There are three types of image carriers in flexography, two of which can be categorized as plates:
Rubber Plates. A negative of the image to be printed is placed on top of a metal alloy coated with a light-sensitive acid resist. When exposed to light, the resist hardens in the exposed image areas, and remains soft and soluble in the unexposed, non-image areas. The unhardened resist is washed away after exposure, and an etchant is applied to the surface, which engraves those areas not protected by the hardened resist. The result is a metallic relief plate. A mold—or matrix—is then made of the relief plate. After cooling the mold, a rubber sheet is pressed into the matrix which, after cooling, will be a rubber relief plate. Various finishing operations optimize the plate for flexographic printing.
Photopolymer Plates. Manufactured either from sheet photopolymer or liquid photopolymer materials, a photographic negative is placed on top of the photopolymeric material and exposed to ultraviolet light, which hardens the photopolymer in those areas through which it passes (the image areas), leaving the unexposed regions unhardened. After exposure, washout procedures remove the unhardened photopolymer from the non-image areas, leaving the image areas in relief.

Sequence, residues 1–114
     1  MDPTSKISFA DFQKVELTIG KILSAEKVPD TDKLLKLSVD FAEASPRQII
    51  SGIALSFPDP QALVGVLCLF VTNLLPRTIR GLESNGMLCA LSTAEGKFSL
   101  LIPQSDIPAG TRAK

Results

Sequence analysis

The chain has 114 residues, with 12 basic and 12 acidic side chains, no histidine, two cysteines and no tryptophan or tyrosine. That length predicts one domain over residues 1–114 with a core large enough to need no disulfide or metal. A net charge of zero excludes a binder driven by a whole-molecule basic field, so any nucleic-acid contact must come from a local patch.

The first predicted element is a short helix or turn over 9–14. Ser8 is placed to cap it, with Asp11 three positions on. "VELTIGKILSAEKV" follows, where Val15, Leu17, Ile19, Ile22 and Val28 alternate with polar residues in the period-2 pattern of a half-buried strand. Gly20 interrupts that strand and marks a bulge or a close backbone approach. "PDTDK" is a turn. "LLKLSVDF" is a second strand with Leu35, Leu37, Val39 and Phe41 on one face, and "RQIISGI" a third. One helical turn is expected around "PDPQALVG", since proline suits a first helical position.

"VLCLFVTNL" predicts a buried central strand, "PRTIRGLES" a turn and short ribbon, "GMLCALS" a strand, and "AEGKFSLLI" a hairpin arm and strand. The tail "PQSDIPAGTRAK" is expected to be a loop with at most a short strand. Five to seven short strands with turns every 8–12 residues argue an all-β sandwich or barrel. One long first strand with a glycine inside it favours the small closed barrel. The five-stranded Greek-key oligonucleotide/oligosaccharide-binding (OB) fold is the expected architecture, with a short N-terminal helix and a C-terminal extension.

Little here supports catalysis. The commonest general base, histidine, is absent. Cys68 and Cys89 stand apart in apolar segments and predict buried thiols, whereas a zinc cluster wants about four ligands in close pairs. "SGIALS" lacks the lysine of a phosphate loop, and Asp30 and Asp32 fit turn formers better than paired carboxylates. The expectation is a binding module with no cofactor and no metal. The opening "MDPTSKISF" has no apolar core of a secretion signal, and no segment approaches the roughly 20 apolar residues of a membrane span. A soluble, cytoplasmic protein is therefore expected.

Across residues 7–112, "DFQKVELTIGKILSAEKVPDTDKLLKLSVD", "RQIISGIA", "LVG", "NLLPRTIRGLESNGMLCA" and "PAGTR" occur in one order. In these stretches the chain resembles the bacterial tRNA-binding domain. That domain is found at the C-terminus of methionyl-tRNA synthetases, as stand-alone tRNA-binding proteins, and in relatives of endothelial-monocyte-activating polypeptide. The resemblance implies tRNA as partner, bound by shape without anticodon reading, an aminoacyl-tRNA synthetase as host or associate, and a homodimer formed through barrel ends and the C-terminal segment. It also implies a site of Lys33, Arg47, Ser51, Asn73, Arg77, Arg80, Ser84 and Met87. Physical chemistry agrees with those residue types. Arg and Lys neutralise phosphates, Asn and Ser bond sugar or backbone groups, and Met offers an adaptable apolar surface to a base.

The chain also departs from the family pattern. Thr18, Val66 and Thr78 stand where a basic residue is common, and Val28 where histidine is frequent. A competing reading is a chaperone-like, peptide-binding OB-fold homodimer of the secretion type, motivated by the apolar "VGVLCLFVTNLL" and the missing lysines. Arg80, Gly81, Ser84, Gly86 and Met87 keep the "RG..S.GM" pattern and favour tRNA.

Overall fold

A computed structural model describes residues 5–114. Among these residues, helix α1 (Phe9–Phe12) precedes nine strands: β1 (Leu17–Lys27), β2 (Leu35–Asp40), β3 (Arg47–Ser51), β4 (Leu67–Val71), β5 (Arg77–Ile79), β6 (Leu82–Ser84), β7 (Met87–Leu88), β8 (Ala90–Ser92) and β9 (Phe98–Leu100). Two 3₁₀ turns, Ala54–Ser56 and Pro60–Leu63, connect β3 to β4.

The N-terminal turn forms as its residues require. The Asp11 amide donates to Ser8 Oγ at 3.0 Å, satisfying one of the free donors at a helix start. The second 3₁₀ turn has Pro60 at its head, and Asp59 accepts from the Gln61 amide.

Plates are mounted on the plate cylinder either by an adhesive backing or by other means, such as plate clamps. See Plate: Flexography.
A third type of image carrier is called a design roll, which consists of a layer of vulcanized rubber applied as an unbroken “jacket” on the surface of the plate cylinder itself. The imaging of the plate is commonly performed using high-energy lasers, which atomize the non-image portions of the rubber surface, leaving the image areas in relief. Design rolls, due to their seamlessness, are useful for printing continuous background patterns such as those found in packaging, wrapping, and other forms of decorative printing applications. They are also capable of higher print runs than conventional plates, with which they are occasionally used in tandem. (See Design Roll.)